Even if your relationship isn't built around skiing like the author's is (pictured here with her husband), it helps to be equally enthusiastic about the sport when you go to the hill together.
Even if your relationship isn't built around skiing like the author's is (pictured here with her husband), it helps to be equally enthusiastic about the sport when you go to the hill together.

8 Things Skiing Together Can Teach Us About Love

Couples who ski together stay together, right? But even if neither of you will ever click into a pair of bindings, you can learn from these eight dating tips.


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My husband, Dan, and I met through the ski industry (he started ski outerwear company Flylow, and I was an Outside editor when we first started dating), and we built our relationship through a shared obsession with the sport. Since getting married and having two children, we don’t get to ski together as much as we used to, so we’ve learned to make the most of any day we make it to the hill together. A lot of the strategies we’ve developed are helpful whether you’re going on a third date or taking a weekend escape with your significant other. Here’s what we did when we snuck away for a full week at Snowbird, Utah.

#1. Get Excited (and Synced)

If, like us, you don’t often get the chance to ski together—or really, any time you’re embarking on an adventure together—it helps to be similar levels of pumped when it comes time for planning. We booked a week in a condo near the base of Snowbird, brought my mom along to help take care of our two young kids, and as soon as the lifts started spinning, basically sprinted out of the house. I like to lay out my gear the night before so everything is easy to find in the morning—boots in the boot dryer, and gloves, helmet, goggles, jacket, and pants all hanging by the door. Dan and I both usually read the avalanche forecast over coffee each morning and discuss if we’ll be going out of bounds at all. I’ll ask, “Backcountry packs today?” Today, we decided it was a resort day.

#2. Carve Out Your Space in a Crowd

Even when conditions are less than ideal—say, surrounded by a hundred smelly strangers in a jam-packed tram—you can still enjoy the moment. Whisper a joke about the guy next to you, or snag a spot by the window so you can take in the view and pretend you have the place to yourselves. I pretended we were on a European vacation in a tram whisking us to the top of a peak in the French Alps, even though we’re actually in Utah. “Bonjour!”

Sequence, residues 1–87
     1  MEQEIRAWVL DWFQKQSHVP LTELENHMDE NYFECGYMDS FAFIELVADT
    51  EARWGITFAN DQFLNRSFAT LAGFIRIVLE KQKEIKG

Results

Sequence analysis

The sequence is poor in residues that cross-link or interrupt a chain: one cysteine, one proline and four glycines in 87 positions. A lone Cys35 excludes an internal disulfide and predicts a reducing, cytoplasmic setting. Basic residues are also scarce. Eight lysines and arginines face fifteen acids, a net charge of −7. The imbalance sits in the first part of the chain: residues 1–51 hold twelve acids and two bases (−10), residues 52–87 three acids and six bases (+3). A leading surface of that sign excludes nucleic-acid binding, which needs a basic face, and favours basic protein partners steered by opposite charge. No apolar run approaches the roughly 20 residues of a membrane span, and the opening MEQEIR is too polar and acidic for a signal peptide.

#3. Communicate Strategically

It’s key to get on the same page early and be clear about your agenda or goals, even if it’s just for the day. For a ski day, we think about who we’ll be meeting up with and where we’re going to ski. Do we want to ski as many laps as we can or take our time and set a leisurely pace? Do we want to ski steeps and hunt powder or carve up some groomers? We scouted some lines from the tram, then took turns deciding what run we’d ski next.

#4. Scare Yourself and Your S.O.

I think it’s important to push yourself a little every day. That’s what makes us and our relationships stronger, right? So, when your significant other suggests you drop into a chute so steep that there’s a rope to help you into it, trust that he or she has your back and follow their lead. Or don’t. You can always choose your own routes down and meet at the bottom.

#5. Lend a Hand, Even If You Don’t Need To

Dan always carries a goggle cloth and cleans my lenses for me on stormy days while we’re on the chair. I’m always the one who carries essentials like snacks and sunscreen. It’s the little things that matter most. Here, I jokingly offered to carry his skis up the bootpack to Mount Baldy at Snowbird.

#6. Drop In and Drop Praise

Enjoy the ride down. It’s best not to critique each other or offer instruction. At the bottom, just compliment each other’s flawless ski style, praise the snow quality or the line choice, high-five, and be positive. Switch turns for who drops in first, sharing the freshies (or, in our case, the chalky hardpack). Let each other pick lines so one person isn’t always leading or following. This is the fun part.

#7. Get Some Alone Time

It’s never a bad idea to escape from the crowds by setting off on a hike or otherwise taking advantage of a little quiet time. This gives you a chance to chat—or maybe just breathe or ignore each other. Either way, it’s a nice way to spend some time alone, get some exercise, and find some fresh snow. We had the summit of Mount Baldy and 360-degree panoramic views all to ourselves.

#8. Remember to Celebrate

I often pack a lunch to save money and time (I usually tote a PB&J in my pocket and try to find a nice mountaintop perch to eat it), but it’s also nice to take a break and refuel. No matter what activity you’re doing, break time is an ideal time to go an extra step and take the time to enjoy conversation. I prefer skiing through the lunch hour, then taking a late break around 2 p.m. Here, we stopped for the essentials: water, coffee, and chocolate.

For après ski, get creative. Don’t just follow the masses to the base lodge bar. Pull out a bottle of wine, cheese, and crackers at your tailgate in the parking lot, or go to the sleepy bar nobody else bothers with and snag a seat by the fireplace.